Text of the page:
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Where should you go cycling if you want to train like the Tour de France winner Andy Schleck? What does he consider the hardest, most memorable, and most beautiful cycling routes in the world? Where would he send you for a cycling vacation? Here is what he told us in an interview.


“The beauty of cycling is that you can do it anywhere in the world,” Andy Schleck replied when asked what are his favourite cycling locations. He continued, “I believe I rode everywhere in the world, on every continent and on a lot of different venues. And I can’t say I really found a bad cycling location. There are good ones and there are very good ones.”

Where to go for a cycling training camp?

“I really like Mallorca, Spain,” Andy said. He recommends it especially from February to March because the weather is beautiful and you won’t see a lot of cars. The roads are also in great condition for cycling. But the main attraction is the amount of cyclists riding across the island during that time period. There’s a great cycling community and you will have a chance to meet a lot of like-minded people.

Mallorca
Cap de Formentor, Mallorca. A demanding and beautiful terrain for cyclists. © Profimedia

What are the most memorable stages of your career?

The number one cycling location goes to the 18th stage if 2011 Tour de France. “It’s not my favourite just because I won it. I believe it may be one of the toughest stages in Tour’s history. We went over 2000 m of elevation three times in one stage – Col Agnel, Col d’Izoard, and Col du Galibier. Stages like that aren’t in the Tour every year,” said Andy. But he added with a smirk that you would have to be quite in shape to try that one as a non-professional cyclist. His second favourite cycling location is the 17th stage of 2010 Tour that finished with a summit of Tourmalet. “It was a tough day. It was rainy, foggy, and cold all day. Experiencing that kind of weather while crossing the Pyrenees is what hell feels like to me,” Andy described it.

What’s the best place for a cycling vacation?

“You can have a lifetime experience going to the south of France and doing all the mythic climbs like Tourmalet, Galibier, or Mt. Ventoux which are not that far apart,” says Andy. He adds that you have to go in the summer to experience the mountains on a bike. But if you want to go to Provence it’s best to avoid the middle of summer because it’s overrun by tourists and there’s a lot of traffic on the roads.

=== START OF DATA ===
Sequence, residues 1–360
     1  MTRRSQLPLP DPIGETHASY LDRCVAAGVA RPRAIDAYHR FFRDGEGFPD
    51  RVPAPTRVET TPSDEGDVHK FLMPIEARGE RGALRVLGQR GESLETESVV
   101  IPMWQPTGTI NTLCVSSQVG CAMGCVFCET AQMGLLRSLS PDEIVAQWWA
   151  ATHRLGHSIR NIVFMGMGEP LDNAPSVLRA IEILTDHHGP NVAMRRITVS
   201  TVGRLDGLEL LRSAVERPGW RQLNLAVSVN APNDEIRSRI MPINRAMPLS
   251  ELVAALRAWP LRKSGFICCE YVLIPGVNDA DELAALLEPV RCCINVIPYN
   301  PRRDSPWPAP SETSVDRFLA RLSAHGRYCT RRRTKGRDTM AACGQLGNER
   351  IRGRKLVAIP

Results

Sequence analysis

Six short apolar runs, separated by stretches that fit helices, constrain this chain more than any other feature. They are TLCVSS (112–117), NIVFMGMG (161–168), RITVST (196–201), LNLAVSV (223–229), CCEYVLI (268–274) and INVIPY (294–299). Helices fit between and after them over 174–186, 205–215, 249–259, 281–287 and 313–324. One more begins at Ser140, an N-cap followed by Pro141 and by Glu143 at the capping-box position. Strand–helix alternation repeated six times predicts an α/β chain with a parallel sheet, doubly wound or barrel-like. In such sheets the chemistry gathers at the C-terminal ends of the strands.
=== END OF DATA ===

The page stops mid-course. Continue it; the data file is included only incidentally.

Andy Schleck Win
Col du Galibier is one of Andy’s favourite locations. © Serge Waldbillig

What’s the most beautiful route?

“There’s one route that I always recommend to people who go cycling in France. It includes one big climb which is Mt. Ventoux. To me, that’s one of the most beautiful climbs. It is a very hard climb but if you stand on top of that mountain it doesn’t matter what your average speed was, I guarantee it will feel like the proudest moment in your life,” said Andy. He then described that this route starts with a 20 km climb from Bédoin to the top of Mt. Ventoux. You then take the same route down but take a left turn after about 7 km in Chalet Reynard and do a whole loop through the stunning Gorges de la Nesque to Sault. And from there you go back to Bédoin completing an 85 km route.

Andy also mentioned an interesting route in his home country. “I live in Luxemburg which has a big cycling history. I like to take people for bike rides here because of the quality of the roads and because you can do a 40 km loop here and travel through 4 countries – Luxemburg, Belgium, France, and Germany. You can experience four different landscapes, road signs, and mentalities in that one ride. You can also ride through the beautiful Ardennes forrest and see a lot of old castles.”

Ardennes Forest
A ride through the Ardennes forest is a very pleasant experience. © Profimedia

How do you feel about urban cycling?

Andy admits that he hasn’t done much urban cycling when he was a professional cyclist. It was only recently that he got into it but he couldn’t hide his enthusiasm. “I discovered the joy of urban cycling only after I retired from professional cycling. It was new to me to ride just for the fun and pleasure of it. I also discovered at the age of 35 what it means to ride your bike to work! It feels good to start your day that way. I live outside of the city so when I have meetings, I sometimes take an e-bike too because I don’t want to arrive all sweaty in the summertime. I promote urban cycling as much as I can because I believe it’s the best way to get around in a city. It’s the fastest and most efficient, and at the same time you do something to combat climate change. I believe it’s the future.”